Long Weekend: Amish Towns, Beyond the Horse and Buggy

Three Amish towns that’ll teach you to embrace the simple life—with some really good snacks.

Congratulations! You’ve nearly made it through the worst of winter, but the mad dash that the spring brings hasn’t quite begun. May we suggest you take a break from your Netflix hibernation and curl up in a B&B beneath some handmade quilts with delicious baked goods instead? Head to one of these three driveable towns to learn the art of the slow life from those who know it best: the Amish.

Volant, Pennsylvania
Halfway between Cleveland and Pittsburgh is a teensy, tiny town—seriously, the city’s population is less than 200 people. But if taking it easy is the name of the game, you could find no better place to do so than Volant. Located in Lawrence County, which hosts a large Amish community, Volant is the poster child for quaint, small-town life.

Knockin Noggin Cidery & Winery
Knockin Noggin Cidery & Winery

Photograph by Jason Corron

Start your self-guided tour at the historic grist mill, once the town’s economic center, which has been restored to hold a gift shop filled with Amish furniture, vintage candy, and old-timey toys. The single main street that runs through the village features shops offering locally crafted goods and antiques, including Colonial lighting, handmade fudge, and heritage lace doilies. Spend happy hour sampling the 10 ciders on tap at Knockin Noggin Cidery & Winery after checking online for their calendar of live music. Head to Neshannock Creek Inn Restaurant for fish and chips or hearty sandwiches before turning in for the night at Candleford Inn Bed & Breakfast. Spend the night in what they term “the Amish bedroom,” which features a bed handmade (and assembled right in the room) by local craftsmen, and wake in the morning to a hot breakfast with homemade muffins.

Shipshewana, Indiana
A four-hour drive north from Cincinnati, Shipshewana is minutes from the Michigan border. Though the town is little more than one square mile in size, it is the site of a massive flea market. The Shipshewana Auction & Flea Market hosts around 100 antique dealers, marketing everything from vintage toys to roll-top desks. Across the street from the antique mall, the nearly 100-year-old flea market is closed for the winter months, but the 900 vendors return to sell their wares at the beginning of May. Stop to fill up on house-smoked meat sandwiches at Fireside Café down the street, or just perk up with a cup of coffee by the fireplace at Pumpkinvine Café. Shop for some Shipshewana-made goods, picking up honey and beeswax candles at “B” Honey & Candles, art and jewelry from Arment Gallery and Gifts, and snug, stylish sweaters from Annalea’s Boutique. End the day with an authentic home-cooked dinner at Blue Gate Restaurant, where all your fantasies of country pot roast and mashed potatoes will come to life. In your calorie-laden post-meal stupor, you won’t have to go far to find a soft bed: The on-site inn has 154 rooms. Not ready for bed? Stop for a late-night ice cream scoop at the inn’s old-fashioned Creamery.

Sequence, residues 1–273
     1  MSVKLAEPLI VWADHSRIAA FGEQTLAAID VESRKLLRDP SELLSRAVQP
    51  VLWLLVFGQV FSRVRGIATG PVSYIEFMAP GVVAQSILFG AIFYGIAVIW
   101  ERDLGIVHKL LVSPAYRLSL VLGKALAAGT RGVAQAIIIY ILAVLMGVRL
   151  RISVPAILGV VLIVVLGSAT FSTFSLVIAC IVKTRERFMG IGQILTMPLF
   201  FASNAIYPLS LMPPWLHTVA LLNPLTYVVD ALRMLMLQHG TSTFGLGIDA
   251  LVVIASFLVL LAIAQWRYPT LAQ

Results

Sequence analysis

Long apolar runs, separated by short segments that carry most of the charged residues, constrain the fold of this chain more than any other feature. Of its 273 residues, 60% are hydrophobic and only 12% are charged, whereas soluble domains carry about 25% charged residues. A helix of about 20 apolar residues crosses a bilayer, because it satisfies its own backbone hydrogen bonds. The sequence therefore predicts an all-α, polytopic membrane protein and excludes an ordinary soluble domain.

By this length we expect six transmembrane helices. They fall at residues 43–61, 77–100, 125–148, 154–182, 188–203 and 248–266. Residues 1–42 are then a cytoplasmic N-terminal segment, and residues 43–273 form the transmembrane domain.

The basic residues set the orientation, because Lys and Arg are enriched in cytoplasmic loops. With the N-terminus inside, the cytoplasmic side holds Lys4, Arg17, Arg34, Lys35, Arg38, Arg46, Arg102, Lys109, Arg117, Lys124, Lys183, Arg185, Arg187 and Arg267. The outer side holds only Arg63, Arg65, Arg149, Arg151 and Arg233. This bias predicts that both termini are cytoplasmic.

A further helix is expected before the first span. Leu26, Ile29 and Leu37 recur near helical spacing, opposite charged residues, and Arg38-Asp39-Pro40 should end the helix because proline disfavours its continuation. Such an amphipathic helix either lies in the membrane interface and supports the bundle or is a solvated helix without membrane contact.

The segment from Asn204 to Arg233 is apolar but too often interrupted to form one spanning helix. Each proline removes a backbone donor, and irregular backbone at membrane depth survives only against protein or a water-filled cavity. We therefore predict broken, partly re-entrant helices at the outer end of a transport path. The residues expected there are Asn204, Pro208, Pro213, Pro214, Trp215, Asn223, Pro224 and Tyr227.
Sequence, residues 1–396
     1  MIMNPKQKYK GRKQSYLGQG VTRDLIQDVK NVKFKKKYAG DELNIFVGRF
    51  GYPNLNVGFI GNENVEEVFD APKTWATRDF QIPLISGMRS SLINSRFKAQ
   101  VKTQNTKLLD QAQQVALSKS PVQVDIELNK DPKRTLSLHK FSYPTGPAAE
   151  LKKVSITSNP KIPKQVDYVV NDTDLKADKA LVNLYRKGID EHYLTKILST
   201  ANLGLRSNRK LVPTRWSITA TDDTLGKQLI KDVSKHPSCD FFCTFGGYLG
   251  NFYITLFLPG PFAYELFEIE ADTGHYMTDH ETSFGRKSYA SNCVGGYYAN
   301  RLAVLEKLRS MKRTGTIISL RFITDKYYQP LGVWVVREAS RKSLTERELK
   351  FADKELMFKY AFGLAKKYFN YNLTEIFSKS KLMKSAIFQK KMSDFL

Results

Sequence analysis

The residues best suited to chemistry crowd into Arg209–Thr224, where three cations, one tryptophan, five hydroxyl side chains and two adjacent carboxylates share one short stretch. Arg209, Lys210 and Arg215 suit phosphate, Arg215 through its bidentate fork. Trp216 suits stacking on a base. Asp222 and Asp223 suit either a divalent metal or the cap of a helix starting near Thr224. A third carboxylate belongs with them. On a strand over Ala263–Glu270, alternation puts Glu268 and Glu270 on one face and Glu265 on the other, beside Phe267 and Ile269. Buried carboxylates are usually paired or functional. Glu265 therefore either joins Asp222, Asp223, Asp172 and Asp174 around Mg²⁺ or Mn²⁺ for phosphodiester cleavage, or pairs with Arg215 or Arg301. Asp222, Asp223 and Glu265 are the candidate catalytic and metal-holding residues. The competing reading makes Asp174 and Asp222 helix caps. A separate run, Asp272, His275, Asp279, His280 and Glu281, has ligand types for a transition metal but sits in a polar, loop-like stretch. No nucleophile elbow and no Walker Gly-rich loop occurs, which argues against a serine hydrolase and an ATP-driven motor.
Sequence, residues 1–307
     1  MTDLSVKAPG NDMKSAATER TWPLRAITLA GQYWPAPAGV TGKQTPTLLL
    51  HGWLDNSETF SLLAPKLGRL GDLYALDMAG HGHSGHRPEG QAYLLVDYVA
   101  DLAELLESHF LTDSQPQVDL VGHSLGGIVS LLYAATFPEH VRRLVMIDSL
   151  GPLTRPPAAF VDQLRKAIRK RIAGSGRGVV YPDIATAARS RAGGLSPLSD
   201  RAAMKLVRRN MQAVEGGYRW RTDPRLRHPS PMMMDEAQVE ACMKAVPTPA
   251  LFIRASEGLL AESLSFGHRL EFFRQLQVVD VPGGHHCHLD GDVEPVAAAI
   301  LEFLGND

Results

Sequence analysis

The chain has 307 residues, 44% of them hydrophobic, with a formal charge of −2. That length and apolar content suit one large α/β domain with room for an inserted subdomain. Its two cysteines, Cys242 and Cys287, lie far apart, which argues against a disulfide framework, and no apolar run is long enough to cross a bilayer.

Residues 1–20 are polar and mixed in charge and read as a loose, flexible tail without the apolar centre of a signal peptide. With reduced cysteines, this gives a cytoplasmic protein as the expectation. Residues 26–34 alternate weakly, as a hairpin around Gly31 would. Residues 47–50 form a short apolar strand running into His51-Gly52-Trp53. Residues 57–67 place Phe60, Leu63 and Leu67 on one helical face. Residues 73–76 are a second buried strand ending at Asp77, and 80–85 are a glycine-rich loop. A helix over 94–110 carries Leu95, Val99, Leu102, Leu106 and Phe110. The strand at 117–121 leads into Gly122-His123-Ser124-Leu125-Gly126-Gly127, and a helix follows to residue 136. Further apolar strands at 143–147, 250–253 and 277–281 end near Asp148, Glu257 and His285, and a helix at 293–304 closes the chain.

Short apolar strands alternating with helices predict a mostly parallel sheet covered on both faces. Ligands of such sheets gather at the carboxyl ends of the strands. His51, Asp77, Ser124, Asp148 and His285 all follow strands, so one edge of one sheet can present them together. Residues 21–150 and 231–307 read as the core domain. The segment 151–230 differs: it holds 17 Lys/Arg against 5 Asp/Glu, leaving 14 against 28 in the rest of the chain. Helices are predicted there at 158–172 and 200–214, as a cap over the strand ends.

Millersburg, Ohio
The historic town of Millersburg is about halfway between Columbus and Akron. Start your day by diving right into the local Amish culture with a tour of Yoder’s Amish Home (opens April 23). Embrace the peaceful lifestyle when you visit the property’s two Amish houses, then take a spin in an authentic Amish buggy and visit the 131-year-old barn to say hello to the bunnies and lambs.

Millersburg Brewing Company
Millersburg Brewing Company

Photograph by Andrew Marburger

In the mood to tour some more? Trek to Guggisberg Cheese Factory next to take a peek at their award-winning cheese production and sample their famous Swiss. Head to Millersburg Brewing Co. for a chaser of local beers in the exposed-brick tap room. Or opt for fine dining: The Inn at Honey Run’s restaurant, Tarragon, offers a menu of duck ravioli and lamb shank to fill you up before you check in for the night, where you can nurse a nightcap in front of your in-suite fireplace.

The Inn at Honey Run
The Inn at Honey Run

Photograph Courtesy The Inn at Honey Run

CM_MAR16_RADAR_Escape4Side Trip: Keim Family Market
Hit with a sudden urge to purchase a handcrafted cedar chest, natural roll butter, or baked goods? Keim Family Market, an hour east of Cincinnati, has what you need. It started with Roy Keim selling pies roadside in the early ’80s, grew into a mobile stand, and today is a large market. Little ones can climb on the display playsets out front while you shop for Amish furnishings inside—rocking chairs, porch swings, jewelry boxes—followed by homemade pies and doughnuts from the bakery. Pack all your purchases into the back of your minivan (surely you didn’t drive a sedan, did you?) and grab fresh-made cheese to bring some of the Amish flavor home. keimfamilymarket.com


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